"We used to trawl for about six hours north or south, and when we took our net we had a great deal of young fish, spawn, and such like. After we had taken out of it what we required we used to take a shovel and shovel the rest overboard.
Filey men had a basic instinct for conservation of their fisheries. They were well aware, a century or more ago, of the simple truth that if you overfish a stretch of water you will destroy your own livelihood. The indiscriminate beam-trawling from Scarborough and Whitby threatened to do just that. Other small, traditional fishing communities shared the same concern. Terence Collins told us the story of "Old Titch" (Thomas Cappleman Jenkinson c1887-1963) who as a young man, was fishing off Staithes one foggy night. Finding a local boat at sea, they called to ask if there were any fish.
"None"came the reply; then as an afterthought, "Who are you?"
"Filey", they answered.
"Get your nets down, there's plenty here."
The Staithes men assumed they were talking to Scarborough or Whitby men, whom they disliked on principle because of their disregard for conserving stocks. Traditional fishermen had an eye on the future. It was a saying in Filey amongst the fishing community - "There's sons to come after, and sons after that."
The trawlers were universally blamed by Filey men for overfishing and reducing stocks. William Jenkinson(1786-1865) complained to the Sea Fisheries Commission how the Dogger bank was "falling off" as a result of the trawling.
Another reason for the dislike of the trawlers was the damage they did to the equipment of the line fishermen. Thousands of yards of lines would be set by each boat. These would lie on, or near, the sea bed, perhaps for several hours. Trawlers would often haul their beams straight across an area where these lines were, and would drag them as far away as Scarborough. William Jenkinson complained,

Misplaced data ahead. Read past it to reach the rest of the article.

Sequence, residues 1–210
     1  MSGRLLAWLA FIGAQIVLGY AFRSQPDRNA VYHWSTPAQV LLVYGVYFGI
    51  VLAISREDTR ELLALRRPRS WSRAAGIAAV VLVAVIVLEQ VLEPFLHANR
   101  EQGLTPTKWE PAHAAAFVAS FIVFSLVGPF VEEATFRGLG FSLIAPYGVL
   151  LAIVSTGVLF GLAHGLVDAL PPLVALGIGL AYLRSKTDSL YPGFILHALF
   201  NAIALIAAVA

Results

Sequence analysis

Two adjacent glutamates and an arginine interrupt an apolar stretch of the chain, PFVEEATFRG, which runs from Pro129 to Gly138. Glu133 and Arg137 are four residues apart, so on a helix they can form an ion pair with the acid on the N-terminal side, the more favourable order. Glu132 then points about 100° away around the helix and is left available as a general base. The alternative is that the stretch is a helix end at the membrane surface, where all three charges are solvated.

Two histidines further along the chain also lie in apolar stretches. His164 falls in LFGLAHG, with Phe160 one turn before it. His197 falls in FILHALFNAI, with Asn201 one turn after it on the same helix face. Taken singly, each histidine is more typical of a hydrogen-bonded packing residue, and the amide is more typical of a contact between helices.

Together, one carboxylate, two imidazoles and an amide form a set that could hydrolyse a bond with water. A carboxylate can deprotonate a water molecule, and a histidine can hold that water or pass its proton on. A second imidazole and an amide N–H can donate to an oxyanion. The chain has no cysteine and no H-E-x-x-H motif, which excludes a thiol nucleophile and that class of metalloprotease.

"When we fall among the smacks (sailing trawlers) we are afraid to set our lines, and we usually come away."
Filey men who were involved in herring fishing were just as likely to suffer loss. The law required trawl boats to keep three miles away from herring boats with drift nets, but this was sometimes ignored.
"Four years since they came right down over out nets, and took all the buoys from them, and destroyed them altogether."
Since it was usual to fish for herring at night, it was impossible to spot the names or numbers of the offending craft[evidence of Edward Scales]. More recently, the traditional fishermen may have got their own back. Some of the old gas cookers and other assorted scrap iron that befoul the trawls may not always have got to the sea bed by accident!
These losses were serious. In the Filey Post it was reported that Captain Castle Jenkinson(1824-82) had lost 75 herring nets, and other gear from his yawl, the "Admiral Hope". All this would have cost near Â£300 to replace[Filey Post 2nd November 1867]. In this case, it seems that Castle had suffered the effects of bad weather, but the event indicates just how vulnerable a fishermen's equipment could be, when he was out at sea.